Practical PHP Patterns: Class Table Inheritance

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Practical PHP Patterns: Class Table Inheritance

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In the previous article we have stressed that relational databases do not support inheritance, so we have to make a mandatory translation to fit an object model which involves subclasses in them.

One of the strategies employed for this job is Single Table Inheritance, which prescribes a single table for a every tree of classes; a different strategy is Class Table Inheritance. But this pattern is quite the opposite of Single Table Inheritance: it prescribes to create a table for every class in the hierarchy to map it into the relational database.

In this pattern every class has its table, following the natural mapping that is already used in an ORM for the dichotomy table-class, which is the simplest translation of an object model.

However, only the fields defined in a class are created as columns, while inherited fields reside in the table representing the class where they are originally defined (usually as protected properties). This means that an object's data will be spreaded among multiple tables, depending where its fields were inherited from.

Different tables can share the primary key value for their rows so that an object can be recomposed by joining them. An alternative, which also involves JOINs, is putting a foreign key that points to the parent table on every table of the hierarchy.

In either case, recomposing an object can be a performance problem.

Multiple tables

The reconstitution of an object usually needs to perform a join between all the tables that contain columns of interest (a number which can range from two to infinite.) When this process does not involve JOINs, it requires multiple queries, a solution which we strive to avoid to keep the work in the database side and avoid chatty communication.

Another problem in the implementation of this pattern is understanding in what table to look when doing queries. The metadata should be introspected to find out how the WHERE conditions should be constructed, and all tables must be included in the SELECT to correctly rebuild the object with all its fields.

Inserting a new object or updating its state also requires multiple queries, but this is not as frequent as the SELECT operation, thus it is a secondary issue.

Pros & cons

The pros of this pattern are obviously the opposites of the Single Table Inheritance ones:
  • all columns in a table are stricly needed and there is no data duplication. Hence, no waste of space in the database nor in your memory to keep in mind which columns belong to each class.
  • Adding or removing fields (in opposition to moving them around between classes) is easier because it involves only the specialized table.
But you must deal also with some unavoidable disadvantages of this pattern:
  • Multiple tables are joined or multiple queries are executed even when only one object is involved in the operation. But everyone deals with performance problems differently however, and the advantage of a transparent ORM overcomes the limitations of the mapping process in many use cases. For example, if your inheritance-based entities are not intensely modified (like categories, products, and similar objects) you can introduce a caching layer. Remember what premature optimazition is: you can refactor to another inheritance pattern in every moment with a modern ORM like Doctrine 2.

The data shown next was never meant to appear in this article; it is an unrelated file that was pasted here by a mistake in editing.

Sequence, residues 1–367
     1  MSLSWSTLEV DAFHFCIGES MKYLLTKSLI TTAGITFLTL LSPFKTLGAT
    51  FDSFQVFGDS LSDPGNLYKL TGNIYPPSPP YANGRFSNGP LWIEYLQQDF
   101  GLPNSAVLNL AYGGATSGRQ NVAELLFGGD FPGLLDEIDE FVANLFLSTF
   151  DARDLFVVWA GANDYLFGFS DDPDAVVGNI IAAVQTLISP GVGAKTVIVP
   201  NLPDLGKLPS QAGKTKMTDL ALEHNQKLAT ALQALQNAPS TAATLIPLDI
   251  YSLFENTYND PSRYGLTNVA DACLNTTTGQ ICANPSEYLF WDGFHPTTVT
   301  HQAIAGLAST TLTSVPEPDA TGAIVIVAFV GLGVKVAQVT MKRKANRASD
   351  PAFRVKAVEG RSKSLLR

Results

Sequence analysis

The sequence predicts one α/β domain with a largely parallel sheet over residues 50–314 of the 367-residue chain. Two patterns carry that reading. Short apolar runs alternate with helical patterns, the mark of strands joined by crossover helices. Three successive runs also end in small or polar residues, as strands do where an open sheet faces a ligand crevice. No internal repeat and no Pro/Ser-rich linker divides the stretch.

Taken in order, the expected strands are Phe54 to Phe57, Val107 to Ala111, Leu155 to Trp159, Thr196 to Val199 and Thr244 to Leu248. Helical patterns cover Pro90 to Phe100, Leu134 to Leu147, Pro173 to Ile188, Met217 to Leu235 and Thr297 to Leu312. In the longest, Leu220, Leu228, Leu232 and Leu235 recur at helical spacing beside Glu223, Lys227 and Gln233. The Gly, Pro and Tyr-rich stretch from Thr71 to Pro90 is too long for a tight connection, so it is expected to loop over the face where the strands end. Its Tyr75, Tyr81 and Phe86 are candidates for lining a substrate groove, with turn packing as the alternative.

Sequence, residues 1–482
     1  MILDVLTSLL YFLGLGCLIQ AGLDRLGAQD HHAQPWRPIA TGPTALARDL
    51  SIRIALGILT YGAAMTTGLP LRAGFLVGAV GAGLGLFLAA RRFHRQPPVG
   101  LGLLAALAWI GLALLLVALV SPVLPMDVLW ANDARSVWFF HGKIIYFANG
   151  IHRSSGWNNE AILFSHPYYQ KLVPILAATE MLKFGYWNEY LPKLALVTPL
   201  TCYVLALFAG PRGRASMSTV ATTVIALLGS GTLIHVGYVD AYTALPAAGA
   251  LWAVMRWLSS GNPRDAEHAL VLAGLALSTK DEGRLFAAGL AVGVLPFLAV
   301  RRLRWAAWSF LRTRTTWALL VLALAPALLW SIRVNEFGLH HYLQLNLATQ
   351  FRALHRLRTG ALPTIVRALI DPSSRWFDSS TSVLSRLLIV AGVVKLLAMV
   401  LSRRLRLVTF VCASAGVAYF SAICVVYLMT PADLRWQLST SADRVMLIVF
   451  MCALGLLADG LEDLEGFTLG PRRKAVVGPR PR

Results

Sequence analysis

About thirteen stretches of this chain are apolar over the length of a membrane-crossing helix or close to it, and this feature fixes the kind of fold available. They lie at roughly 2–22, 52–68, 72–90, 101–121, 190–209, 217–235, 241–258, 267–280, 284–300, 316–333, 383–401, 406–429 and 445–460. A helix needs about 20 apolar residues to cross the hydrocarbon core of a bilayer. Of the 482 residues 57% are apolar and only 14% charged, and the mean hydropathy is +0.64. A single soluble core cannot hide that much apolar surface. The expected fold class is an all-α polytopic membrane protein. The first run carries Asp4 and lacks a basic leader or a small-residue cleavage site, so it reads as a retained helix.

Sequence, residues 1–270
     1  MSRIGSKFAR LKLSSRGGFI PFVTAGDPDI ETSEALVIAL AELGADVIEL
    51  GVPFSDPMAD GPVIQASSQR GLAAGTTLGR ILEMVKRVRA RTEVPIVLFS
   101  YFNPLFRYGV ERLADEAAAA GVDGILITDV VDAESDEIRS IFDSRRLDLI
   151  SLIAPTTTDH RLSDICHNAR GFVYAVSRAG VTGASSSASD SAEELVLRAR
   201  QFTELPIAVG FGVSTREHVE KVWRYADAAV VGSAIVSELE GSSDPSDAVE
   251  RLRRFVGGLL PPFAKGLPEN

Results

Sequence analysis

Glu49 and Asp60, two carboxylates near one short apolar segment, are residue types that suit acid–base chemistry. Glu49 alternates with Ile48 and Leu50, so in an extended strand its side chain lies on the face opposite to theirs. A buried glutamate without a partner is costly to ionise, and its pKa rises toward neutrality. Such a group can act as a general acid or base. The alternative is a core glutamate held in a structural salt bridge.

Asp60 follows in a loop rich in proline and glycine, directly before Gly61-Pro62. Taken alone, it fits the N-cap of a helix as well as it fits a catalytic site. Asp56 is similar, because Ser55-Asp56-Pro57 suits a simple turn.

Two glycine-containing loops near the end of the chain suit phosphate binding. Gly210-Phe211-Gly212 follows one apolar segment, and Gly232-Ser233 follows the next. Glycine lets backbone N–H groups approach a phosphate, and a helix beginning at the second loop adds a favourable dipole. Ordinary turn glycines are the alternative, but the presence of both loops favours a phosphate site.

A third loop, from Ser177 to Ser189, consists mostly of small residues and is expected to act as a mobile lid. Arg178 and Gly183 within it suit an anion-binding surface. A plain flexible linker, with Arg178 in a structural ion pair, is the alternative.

• There is no zero-impact refactorings on fields (moving them between classes) without changes to the schema. You'll have to write a migration for moving a field and all its values from a table to a different one.

Fowler cites also high normalization as a problem when understanding and maintaining the queries, which can become longer and longer for leaf classes. This is not a problem nowadays because ORMs in Java and PHP generate SQL for you, and you formulate queries in an higher-level language oriented to objects like Doctrine's DQL (similar to Hibernate's HQL). So since an object contains logically all the fields, you can write higher-level queries without even knowing it is a subclass (at least from the client side; the metadata will have to specify it someway).

For example, if Employee is a subclass of Person, in DQL you can write:

SELECT Employee e WHERE e.name = ?
even if name is a property defined on Person. Inheritance mapping and queries are orthogonal as you only see the object model outside of entities code.


Doctrine 2 supports this pattern as one of the possibilities for inheritance mapping, and it calls it Joined inheritance type; in the manual it is called Class Table Inheritance with the name originally defined by Fowler, since these pattern names are now a standard.

There is still a discriminator column with its map defined in the metadata, as it is an easy way to link the root table with its children (when it identifies a record with a query on the topmost table, it needs a way to know which children table the other fields are in.)

Thus, the only difference in mapping is in the @InheritanceType annotation:

namespace MyProject\Model;

* Example taken from the manual.
* @Entity
* Define Class Table Inheritance as the mapping strategy for this whole hierarchy:
* @InheritanceType("JOINED")
* Define the discriminator column:
* @DiscriminatorColumn(name="discr", type="string")
* Define a map of keys and values (class names):
* @DiscriminatorMap({"person" = "Person", "employee" = "Employee"})
class Person
// ...

* @Entity
* Define annotations as if Employee does not extend anything.
class Employee extends Person
// ...

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